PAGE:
This is the only official SXSW show I’ll attend. Being at SXSW gives me a visceral sense of unease. The environment is carefully constructed, self-conscious, every audience member communicating specifics about their identity with their look and their attendance, every detail curated to elevate a brand. The exchange between performer and audience is hypermediated by this… and all the elements blend together: curated identities becoming art becoming brand.
To some extent these observations are true of many events, concerts, shows, and cultural products. There’s no such thing as ethical consumption under capitalism, so is it meaningful for any one individual to participate or opt out of these things? I don’t think so. But I’m still vegan—so don’t I think so?
I pay $10 for an extremely small quantity of beet tater tots. I drink three cups of water. Someone working for the venue tries to take the third cup right out of my hand and throw it away. My cue to leave. My friend Lindsay Eyth has been peddling her wares to SXSW attendees at her retail trailer The Mall all day. We find each other. Somehow, she smells fresh and her makeup is perfect. In contrast, I am a sentient festering blister. We walk miles back to the approximate location of my car, and then another several miles around that area until finally locating it. I fantasize, out loud, about getting a saline infusion, and try to hail an ambulance like a taxi.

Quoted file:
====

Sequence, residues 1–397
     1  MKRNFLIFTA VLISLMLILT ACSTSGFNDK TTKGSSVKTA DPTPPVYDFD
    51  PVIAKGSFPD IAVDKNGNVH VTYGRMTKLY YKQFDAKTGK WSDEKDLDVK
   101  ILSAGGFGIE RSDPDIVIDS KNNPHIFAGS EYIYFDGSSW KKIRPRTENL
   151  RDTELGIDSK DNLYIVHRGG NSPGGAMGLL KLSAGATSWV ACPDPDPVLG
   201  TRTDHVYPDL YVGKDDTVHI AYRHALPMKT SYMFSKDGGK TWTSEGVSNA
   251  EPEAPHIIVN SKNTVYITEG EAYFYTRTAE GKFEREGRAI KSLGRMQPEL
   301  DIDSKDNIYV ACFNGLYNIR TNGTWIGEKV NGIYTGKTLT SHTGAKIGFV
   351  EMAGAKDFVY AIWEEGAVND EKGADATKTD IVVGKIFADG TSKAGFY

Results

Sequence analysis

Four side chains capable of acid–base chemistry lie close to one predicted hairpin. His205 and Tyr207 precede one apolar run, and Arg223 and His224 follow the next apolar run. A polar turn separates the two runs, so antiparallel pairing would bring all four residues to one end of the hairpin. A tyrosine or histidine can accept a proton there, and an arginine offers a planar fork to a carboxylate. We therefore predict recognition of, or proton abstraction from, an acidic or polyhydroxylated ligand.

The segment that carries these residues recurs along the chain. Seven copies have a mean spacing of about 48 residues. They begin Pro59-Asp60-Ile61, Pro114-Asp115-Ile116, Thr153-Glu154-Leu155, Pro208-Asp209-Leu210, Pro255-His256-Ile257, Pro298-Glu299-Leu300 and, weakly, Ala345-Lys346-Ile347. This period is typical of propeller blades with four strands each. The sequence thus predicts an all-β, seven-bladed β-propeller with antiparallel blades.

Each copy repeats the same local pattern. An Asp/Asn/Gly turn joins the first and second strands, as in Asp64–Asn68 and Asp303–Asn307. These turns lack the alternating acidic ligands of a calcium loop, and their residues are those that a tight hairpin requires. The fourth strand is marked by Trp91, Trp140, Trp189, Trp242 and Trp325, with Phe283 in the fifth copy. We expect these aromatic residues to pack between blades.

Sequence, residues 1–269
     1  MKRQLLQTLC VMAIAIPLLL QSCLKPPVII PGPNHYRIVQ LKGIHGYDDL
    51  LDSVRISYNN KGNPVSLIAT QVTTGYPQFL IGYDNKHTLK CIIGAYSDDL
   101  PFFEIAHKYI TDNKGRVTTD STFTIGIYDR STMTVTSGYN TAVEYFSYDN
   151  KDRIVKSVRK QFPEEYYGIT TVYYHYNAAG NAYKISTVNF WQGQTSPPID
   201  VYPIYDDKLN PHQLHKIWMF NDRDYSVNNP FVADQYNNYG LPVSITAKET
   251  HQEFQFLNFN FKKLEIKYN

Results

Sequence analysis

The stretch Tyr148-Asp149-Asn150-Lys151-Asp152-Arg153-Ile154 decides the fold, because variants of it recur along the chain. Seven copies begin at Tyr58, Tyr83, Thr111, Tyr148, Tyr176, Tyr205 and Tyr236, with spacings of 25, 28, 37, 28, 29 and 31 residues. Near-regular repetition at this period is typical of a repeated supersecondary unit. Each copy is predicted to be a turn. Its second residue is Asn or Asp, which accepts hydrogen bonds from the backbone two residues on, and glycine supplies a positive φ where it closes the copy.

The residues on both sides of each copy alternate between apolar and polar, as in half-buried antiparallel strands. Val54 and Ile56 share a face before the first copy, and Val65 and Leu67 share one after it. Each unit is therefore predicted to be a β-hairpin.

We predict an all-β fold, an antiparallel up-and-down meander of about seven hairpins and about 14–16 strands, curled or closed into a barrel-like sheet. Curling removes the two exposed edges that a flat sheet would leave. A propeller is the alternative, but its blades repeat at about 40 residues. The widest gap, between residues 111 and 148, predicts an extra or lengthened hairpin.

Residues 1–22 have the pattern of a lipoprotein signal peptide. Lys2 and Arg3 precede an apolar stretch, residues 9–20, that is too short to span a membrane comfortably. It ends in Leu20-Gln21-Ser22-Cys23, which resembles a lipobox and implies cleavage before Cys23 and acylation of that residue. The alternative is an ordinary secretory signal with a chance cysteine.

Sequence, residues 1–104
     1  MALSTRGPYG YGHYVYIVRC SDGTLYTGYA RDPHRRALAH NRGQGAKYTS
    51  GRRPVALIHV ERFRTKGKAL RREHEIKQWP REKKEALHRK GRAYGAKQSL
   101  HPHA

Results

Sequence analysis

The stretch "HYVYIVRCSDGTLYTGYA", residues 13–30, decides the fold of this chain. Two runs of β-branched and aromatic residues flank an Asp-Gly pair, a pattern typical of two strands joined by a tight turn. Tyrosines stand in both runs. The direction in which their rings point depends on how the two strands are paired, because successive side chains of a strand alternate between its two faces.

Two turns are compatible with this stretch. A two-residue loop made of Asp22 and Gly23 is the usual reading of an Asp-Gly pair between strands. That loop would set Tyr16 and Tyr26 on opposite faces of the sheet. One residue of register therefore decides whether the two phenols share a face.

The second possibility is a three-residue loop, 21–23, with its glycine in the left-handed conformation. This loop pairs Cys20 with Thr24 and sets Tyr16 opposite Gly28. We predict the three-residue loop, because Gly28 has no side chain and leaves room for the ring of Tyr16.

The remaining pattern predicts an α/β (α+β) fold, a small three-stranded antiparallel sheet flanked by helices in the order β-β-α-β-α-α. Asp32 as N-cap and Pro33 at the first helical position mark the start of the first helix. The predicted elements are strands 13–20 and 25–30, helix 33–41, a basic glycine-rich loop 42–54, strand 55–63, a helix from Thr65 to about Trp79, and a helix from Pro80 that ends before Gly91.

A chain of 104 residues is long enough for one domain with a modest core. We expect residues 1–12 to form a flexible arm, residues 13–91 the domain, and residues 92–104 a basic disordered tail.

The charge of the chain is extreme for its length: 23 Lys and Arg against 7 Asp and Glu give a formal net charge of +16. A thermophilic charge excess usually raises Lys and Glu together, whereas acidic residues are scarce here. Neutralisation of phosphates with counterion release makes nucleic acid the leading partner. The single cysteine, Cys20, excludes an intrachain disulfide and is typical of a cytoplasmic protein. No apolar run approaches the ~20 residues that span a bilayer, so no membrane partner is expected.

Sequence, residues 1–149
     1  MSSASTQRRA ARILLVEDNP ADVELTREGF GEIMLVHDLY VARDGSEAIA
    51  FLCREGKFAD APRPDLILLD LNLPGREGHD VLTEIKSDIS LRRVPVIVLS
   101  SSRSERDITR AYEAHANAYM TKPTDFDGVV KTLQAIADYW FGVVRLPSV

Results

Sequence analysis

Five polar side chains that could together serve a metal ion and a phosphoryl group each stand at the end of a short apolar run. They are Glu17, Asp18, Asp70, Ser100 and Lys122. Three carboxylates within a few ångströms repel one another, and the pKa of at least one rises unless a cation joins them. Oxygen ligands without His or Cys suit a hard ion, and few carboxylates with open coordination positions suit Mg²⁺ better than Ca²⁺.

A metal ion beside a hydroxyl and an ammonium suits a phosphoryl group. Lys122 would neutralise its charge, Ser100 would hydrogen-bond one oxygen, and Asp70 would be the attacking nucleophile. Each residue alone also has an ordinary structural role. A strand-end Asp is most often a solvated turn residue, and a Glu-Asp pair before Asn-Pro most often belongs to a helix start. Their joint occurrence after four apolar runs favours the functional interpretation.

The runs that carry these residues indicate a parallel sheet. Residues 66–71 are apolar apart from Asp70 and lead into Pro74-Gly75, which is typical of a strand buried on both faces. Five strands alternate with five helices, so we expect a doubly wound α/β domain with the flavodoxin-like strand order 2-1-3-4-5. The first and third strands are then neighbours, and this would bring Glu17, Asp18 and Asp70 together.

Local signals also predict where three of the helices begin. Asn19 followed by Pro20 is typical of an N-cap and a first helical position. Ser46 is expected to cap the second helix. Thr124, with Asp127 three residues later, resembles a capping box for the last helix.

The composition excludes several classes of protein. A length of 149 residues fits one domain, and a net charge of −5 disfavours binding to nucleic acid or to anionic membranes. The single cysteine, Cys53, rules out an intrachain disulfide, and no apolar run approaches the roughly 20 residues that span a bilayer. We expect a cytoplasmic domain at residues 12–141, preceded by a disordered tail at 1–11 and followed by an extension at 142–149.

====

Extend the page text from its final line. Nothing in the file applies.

By the time we get back to Lindsay’s house I feel drunk on discomfort, high on despair. I have accrued three wristbands. They’re like the rings on a tree.
March 19, 2017: Austin, Texas at Shirley’s Temple, The Louisiana Metal Showcase with Thou, and Many More Bands
We sleep late then try to eat as many different kinds of cake as possible. After the third piece of cake, my constant pain flares up and I can’t function. I take a medicated nap on Lindsay’s bed, an ice pack under my neck.
Tonight’s show is a showcase of 6-plus bands where I will be the only woman performing, as well as the only non-Louisianan and the only non-metal band. Thus, I have decided to elevate my normal level of feminine presentation. I don a pink-striped bodysuit and roll up the waistband of my shorts for maximum undercheek. Pink eyeshadow, pink lipstick, generous glitter, luminous highlighter. The ever-present jellies. When we roll up to the gig, Lindsay and I stick out right away. When I try to load in, the guy at the door doesn’t assume I’m in a band, despite the gear in my hands. Lindsay and I chill at my car—a tiny feminine paradise of cake, makeup, and selfies—and we watch the sunset.
There are two dudes wearing cowboy hats at this show. One dude in a “parental advisory” shirt. And one dude who, I could tell from the most cursory glance, was going to get really drunk and harass anyone in his vicinity (he turned out to be friends with cowboy hat #1).
The show is at a warehouse space, and outside at Thou’s van, I ask if it’s the same one we played together almost a decade ago. They said no, but it reminded them of it too. That spot was bigger and had an indoor half pipe. We played a late late show with Pygmy Lush, Cult Ritual, and a bunch of other bands. I don’t think we played until, like, 2 a.m., and we weren’t out of there ’till about 4 a.m.